“Maria Eigler knew what she liked. She built a world around herself that reflected her preferences. She loved conversation and children and music. She liked to make hearty food and see all of it eaten, to make up beds and see them slept in, to have a full, vibrating house. She tolerated conceit in people she cared for, but found it the most contemptible trait among others. Maria was not pretentious, but she didn’t stoop to putting on an air of ignorance either. She was a wise and deceptively cultured woman. It didn’t surprise Jacob to learn that Maria attended a women’s seminary when she was young, in Missouri. She studied Greek drama for two years before she married August. It was Grenville Dodge who moved them to Council Bluffs, before they moved themselves across the river. Maria would sometimes say a phrase in Greek, to show where an English word came from, like alphabet or apology or muse or martial. The way she talked about Greek drama, all the time in her buoyant kinderfrau voice, she made it sound like those plays could explain everything in life. Love, betrayal, war, language, fate, death. And if you were lucky enough to get the chance to really study them, and understand what they meant, then you’d be well off. You’d know enough to maybe let everything else in the world well enough alone.”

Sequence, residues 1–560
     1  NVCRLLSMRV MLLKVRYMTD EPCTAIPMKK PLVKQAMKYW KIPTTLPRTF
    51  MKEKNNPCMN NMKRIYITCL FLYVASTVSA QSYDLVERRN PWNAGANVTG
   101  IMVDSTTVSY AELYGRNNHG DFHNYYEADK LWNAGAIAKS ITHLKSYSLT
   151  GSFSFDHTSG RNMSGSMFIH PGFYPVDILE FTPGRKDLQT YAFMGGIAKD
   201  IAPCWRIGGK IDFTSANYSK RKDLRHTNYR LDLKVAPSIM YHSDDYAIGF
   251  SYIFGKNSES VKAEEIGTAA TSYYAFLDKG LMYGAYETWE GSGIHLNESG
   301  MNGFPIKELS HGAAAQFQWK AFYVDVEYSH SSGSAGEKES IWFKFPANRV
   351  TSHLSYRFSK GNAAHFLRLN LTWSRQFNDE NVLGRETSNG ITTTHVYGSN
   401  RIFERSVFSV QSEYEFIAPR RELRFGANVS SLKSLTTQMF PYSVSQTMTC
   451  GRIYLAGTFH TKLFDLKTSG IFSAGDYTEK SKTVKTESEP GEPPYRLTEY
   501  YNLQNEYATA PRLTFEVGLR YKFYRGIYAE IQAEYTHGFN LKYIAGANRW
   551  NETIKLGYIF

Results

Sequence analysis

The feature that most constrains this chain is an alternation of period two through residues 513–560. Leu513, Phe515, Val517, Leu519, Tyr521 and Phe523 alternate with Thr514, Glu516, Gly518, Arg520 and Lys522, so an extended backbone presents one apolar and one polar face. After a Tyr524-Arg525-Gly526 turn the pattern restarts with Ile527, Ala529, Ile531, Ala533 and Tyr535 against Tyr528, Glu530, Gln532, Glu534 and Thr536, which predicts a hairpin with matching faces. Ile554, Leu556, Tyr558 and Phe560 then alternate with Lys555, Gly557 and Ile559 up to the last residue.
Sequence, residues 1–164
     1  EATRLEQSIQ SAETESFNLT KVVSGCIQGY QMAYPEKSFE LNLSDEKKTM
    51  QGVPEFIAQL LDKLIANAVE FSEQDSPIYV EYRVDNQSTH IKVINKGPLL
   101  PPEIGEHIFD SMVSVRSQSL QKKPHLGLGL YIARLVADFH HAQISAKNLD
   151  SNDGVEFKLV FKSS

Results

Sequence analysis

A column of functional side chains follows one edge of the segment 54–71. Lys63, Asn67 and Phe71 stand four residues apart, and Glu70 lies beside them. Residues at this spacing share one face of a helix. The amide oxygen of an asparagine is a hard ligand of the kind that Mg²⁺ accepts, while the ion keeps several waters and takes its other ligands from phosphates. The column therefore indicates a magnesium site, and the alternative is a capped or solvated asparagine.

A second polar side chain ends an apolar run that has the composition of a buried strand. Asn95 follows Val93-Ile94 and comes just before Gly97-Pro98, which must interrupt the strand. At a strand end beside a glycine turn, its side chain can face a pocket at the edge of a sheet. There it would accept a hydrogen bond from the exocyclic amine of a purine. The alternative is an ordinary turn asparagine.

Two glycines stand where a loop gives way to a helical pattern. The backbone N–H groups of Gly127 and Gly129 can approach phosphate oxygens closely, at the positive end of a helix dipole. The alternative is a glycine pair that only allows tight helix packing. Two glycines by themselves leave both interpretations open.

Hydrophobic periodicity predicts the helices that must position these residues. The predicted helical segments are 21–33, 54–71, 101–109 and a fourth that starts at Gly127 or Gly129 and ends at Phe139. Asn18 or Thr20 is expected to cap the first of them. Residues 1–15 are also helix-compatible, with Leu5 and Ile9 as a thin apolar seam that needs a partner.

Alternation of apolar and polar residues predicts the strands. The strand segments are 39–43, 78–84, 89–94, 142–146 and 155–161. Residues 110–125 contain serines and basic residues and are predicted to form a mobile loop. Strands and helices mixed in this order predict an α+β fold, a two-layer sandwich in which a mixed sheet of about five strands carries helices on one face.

Just Finished

This Side of Brightness by Colum McCann. What a beautiful book. Very affecting and well done. The book begins with a focus on the sandhogs who tunneled under the East River to build the subway tunnel connecting Brooklyn and Manhattan, which I found incredibly fascinating. McCann gets a lot of attention for Let the Great World Spin, but don’t miss out on this remarkable book either.

Bohemian Girl by Terese Svoboda. A coming-of-age novel about a young girl left to fend for herself in the Nebraska wilderness in pioneer times. The book kind of read as a survey course in early Nebraska history at times, although it has its moments too. There are lots of interesting characters that come and go throughout the book. The most interesting ones never stayed as long as I would have liked them to.

Leaf House by Karen Brown. This story collection, Brown’s second, won the most recent Prairie Schooner Book Prize in Fiction. I was lucky enough to get a preview of the manuscript in order to interview her for the PS blog. (Here’s the interview, if you’re interested.) It’s a very good book—Brown is an awesome young writer—and I’m eager to see how the final version comes out.

Now Reading

The Third Reich by Roberto Bolaño.

Up Next

The Marbled Swarm by Dennis Cooper.